Available Now! (click cover)

America's Counter-Revolution
The Constitution Revisited

From the back cover:

This book challenges the assumption that the Constitution was a landmark in the struggle for liberty. Instead, Sheldon Richman argues, it was the product of a counter-revolution, a setback for the radicalism represented by America’s break with the British empire. Drawing on careful, credible historical scholarship and contemporary political analysis, Richman suggests that this counter-revolution was the work of conservatives who sought a nation of “power, consequence, and grandeur.” America’s Counter-Revolution makes a persuasive case that the Constitution was a victory not for liberty but for the agendas and interests of a militaristic, aristocratic, privilege-seeking ruling class.

Tuesday, April 04, 2017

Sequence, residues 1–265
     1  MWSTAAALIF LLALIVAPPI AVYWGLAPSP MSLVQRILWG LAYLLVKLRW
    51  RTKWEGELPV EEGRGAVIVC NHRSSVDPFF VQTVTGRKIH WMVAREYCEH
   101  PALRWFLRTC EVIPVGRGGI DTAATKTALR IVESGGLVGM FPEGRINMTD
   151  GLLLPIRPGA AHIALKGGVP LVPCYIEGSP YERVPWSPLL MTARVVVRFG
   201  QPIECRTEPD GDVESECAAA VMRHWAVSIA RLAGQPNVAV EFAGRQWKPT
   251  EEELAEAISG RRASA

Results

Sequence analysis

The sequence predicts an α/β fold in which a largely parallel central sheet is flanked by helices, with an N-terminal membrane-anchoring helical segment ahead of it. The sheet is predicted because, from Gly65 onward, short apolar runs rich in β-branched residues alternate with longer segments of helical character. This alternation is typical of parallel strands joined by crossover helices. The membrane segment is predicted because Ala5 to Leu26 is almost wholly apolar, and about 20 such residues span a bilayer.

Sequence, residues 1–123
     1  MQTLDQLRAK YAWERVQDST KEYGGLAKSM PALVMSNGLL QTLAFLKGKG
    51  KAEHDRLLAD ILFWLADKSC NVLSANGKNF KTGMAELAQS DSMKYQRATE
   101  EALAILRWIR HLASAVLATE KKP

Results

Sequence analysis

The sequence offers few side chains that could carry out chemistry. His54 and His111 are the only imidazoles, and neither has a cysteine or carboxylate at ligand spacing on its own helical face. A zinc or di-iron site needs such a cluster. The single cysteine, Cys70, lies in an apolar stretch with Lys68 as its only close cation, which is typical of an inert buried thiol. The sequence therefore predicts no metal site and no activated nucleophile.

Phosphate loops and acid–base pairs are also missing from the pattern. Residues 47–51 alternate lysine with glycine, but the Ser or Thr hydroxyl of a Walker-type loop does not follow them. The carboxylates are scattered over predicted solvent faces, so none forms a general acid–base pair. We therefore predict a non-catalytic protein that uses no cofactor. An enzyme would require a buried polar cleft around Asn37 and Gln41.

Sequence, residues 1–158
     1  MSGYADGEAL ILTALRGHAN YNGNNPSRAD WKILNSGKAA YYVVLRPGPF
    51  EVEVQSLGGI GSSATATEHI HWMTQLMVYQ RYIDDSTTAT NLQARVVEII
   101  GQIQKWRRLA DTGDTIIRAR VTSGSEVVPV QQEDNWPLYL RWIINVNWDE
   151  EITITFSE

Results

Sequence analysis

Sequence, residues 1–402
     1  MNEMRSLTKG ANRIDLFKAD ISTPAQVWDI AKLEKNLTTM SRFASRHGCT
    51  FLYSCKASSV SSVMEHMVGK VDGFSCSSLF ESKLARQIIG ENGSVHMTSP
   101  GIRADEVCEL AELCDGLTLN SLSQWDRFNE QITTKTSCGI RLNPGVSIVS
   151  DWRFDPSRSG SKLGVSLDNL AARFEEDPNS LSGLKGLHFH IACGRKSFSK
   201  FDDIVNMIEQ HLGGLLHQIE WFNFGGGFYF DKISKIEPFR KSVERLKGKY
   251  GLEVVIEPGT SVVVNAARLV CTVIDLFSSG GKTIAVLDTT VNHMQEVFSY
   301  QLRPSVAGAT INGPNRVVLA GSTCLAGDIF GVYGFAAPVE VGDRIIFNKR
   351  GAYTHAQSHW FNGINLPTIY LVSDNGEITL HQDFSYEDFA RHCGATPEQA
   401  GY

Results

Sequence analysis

A Day that Should Live in Infamy

It's been 100 years since Woodrow Wilson committed the blunder of the 20th century by taking the United States into what was then known as the Great War in Europe. Enabling the Allies to win what would later become known as World War I, and to dictate humiliating terms to Germany at the Paris Peace Conference, set the stage for Hitler and the Nazis less than 20 years later and a new world war six years after that. It was really just one war with an intermission.

I wrote about what US entry meant domestically here.

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